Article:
I figured I should write notes for my first Ashes to Ashes fic. Actually, technically, it's my second, but Dust to Dust was never really meant to be based on the spin off, it was just inspired by mentions of it.
This was me not taking writing seriously.
This was me shrugging my shoulders and saying, 'to hell with it. I'll play with you.'
This was me writing just to write, just for fun, no big cares or worries or anything. I approached it like I approach commentfic. Like I approach most things in my life. [So it's a wonder writing makes me so nuts.]
I've ended up with something that far, far exceeded my expectations, as a story. It actually is a story. It's a launch pad for other stories. I'm kind of insanely proud of it, which I'm sure is terribly immodest, but it's unintentionally clever and that gets to me. It's like it all fit into place, miraculously, as soon as my neuroses were turned. I didn't mean for it to happen, it was a happy accident. Yes, essentially, I am proud of myself for, uh, a lucky circumstance.
This view of the world Alex finds herself in makes perfect, logical sense within the canon the boys have given us - as long as we allow for coincidence and Sam as an unreliable narrator. And if this isn't the approach they're taking (and, you know, it's probably not), they're shooting themselves in the foot.
Of course, I already know they are, because Ray and Chris are still Mancunian in A2A, and in my mind, that's not necessarily so in this. (Of course, I could easily wangle it that Chris is the son of a friend of Gene's and that's why he's there in London. Coincidental, but not beyond the realms of possibility.)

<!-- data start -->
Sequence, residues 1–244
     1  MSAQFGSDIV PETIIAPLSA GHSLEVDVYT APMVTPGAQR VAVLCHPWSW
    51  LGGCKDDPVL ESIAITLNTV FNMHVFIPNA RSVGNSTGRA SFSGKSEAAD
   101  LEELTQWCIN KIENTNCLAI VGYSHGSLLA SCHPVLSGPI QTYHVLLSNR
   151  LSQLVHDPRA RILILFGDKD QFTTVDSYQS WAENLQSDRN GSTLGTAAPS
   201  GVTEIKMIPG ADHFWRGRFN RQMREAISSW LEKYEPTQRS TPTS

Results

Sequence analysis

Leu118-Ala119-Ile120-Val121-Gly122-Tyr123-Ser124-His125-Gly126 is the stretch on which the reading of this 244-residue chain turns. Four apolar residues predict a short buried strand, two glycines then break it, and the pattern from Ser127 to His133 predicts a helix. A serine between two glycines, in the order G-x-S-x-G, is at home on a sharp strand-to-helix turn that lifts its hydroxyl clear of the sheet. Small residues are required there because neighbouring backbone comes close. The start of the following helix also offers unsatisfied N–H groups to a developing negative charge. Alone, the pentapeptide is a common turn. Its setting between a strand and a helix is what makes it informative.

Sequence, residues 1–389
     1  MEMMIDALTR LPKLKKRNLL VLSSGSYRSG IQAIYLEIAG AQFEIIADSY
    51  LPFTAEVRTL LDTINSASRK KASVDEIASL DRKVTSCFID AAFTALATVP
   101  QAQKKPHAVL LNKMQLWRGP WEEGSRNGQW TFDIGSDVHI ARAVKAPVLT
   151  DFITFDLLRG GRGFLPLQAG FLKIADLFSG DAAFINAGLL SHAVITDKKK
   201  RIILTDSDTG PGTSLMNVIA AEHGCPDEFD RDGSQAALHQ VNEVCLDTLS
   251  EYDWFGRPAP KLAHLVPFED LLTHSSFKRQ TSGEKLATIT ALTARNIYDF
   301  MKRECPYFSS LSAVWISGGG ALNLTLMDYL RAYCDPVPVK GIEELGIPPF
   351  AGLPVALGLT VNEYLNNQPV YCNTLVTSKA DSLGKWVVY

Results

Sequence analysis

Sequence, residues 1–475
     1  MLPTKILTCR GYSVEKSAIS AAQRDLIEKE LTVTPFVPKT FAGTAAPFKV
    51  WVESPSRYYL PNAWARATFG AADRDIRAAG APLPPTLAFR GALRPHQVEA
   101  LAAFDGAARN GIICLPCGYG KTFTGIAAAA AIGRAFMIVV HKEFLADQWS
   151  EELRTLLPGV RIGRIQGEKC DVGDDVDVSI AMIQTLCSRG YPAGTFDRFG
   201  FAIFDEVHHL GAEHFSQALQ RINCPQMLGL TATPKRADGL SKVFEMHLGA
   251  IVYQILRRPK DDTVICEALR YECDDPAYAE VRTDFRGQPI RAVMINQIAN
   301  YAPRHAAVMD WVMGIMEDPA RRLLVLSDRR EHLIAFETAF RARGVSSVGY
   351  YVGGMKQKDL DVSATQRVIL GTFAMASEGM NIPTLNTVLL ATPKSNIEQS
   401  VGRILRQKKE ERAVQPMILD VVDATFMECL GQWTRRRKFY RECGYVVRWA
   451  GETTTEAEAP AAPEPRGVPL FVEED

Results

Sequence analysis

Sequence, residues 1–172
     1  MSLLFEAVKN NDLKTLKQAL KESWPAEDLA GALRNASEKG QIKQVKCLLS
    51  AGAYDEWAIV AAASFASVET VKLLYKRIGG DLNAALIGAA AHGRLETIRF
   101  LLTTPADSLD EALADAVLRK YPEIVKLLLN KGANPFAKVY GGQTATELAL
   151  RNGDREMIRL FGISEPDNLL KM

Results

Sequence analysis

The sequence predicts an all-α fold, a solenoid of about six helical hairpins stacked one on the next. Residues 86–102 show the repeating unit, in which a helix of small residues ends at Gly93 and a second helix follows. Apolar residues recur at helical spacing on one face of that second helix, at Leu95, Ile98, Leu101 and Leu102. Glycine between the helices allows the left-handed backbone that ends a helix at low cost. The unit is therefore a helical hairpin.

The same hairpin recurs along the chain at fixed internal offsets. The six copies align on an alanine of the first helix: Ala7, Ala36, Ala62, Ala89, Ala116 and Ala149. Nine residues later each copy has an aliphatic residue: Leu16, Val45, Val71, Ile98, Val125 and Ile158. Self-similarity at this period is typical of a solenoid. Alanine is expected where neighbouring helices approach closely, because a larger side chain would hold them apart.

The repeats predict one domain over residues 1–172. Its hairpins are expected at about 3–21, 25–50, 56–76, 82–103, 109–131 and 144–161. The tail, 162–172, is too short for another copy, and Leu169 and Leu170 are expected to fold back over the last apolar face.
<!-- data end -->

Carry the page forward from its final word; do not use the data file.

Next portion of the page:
Writing Alex was an amusing challenge, because, of course, we actually know very little about her. I didn't want her to be like Sam. I didn't want her to be perfect. I did want her to be likeable - which, you know, Sam kind of isn't at all, so that was another distinguishing feature. There are lots of ways Alex can go wrong, I think, especially in the hands of two male writers, so I hope they're keeping open minds and won't fall into most television writers' traps. [Ash is actually seriously awesome at writing female characters - as evidenced in a lot of his work and the way he handled Annie, so I am less worried in his direction. I can't go into how much I adore Annie in 2.04 right now because it will go on for pages, but I really, really do. I wish she'd been like that throughout the whole series, because then I'd be inclined to fic the hell out of her.]